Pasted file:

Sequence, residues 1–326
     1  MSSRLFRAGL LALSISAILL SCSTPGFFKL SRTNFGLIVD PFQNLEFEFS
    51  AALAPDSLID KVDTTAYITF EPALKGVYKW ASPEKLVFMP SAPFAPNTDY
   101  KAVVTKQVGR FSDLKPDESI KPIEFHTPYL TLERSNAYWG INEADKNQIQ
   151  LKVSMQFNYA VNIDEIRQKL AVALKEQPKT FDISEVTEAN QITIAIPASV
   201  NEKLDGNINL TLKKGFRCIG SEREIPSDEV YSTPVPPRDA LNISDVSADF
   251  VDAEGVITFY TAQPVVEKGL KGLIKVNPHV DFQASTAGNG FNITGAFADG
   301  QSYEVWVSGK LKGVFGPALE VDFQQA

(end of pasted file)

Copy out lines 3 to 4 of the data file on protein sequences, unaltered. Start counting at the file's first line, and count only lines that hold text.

    51  AALAPDSLID KVDTTAYITF EPALKGVYKW ASPEKLVFMP SAPFAPNTDY
   101  KAVVTKQVGR FSDLKPDESI KPIEFHTPYL TLERSNAYWG INEADKNQIQ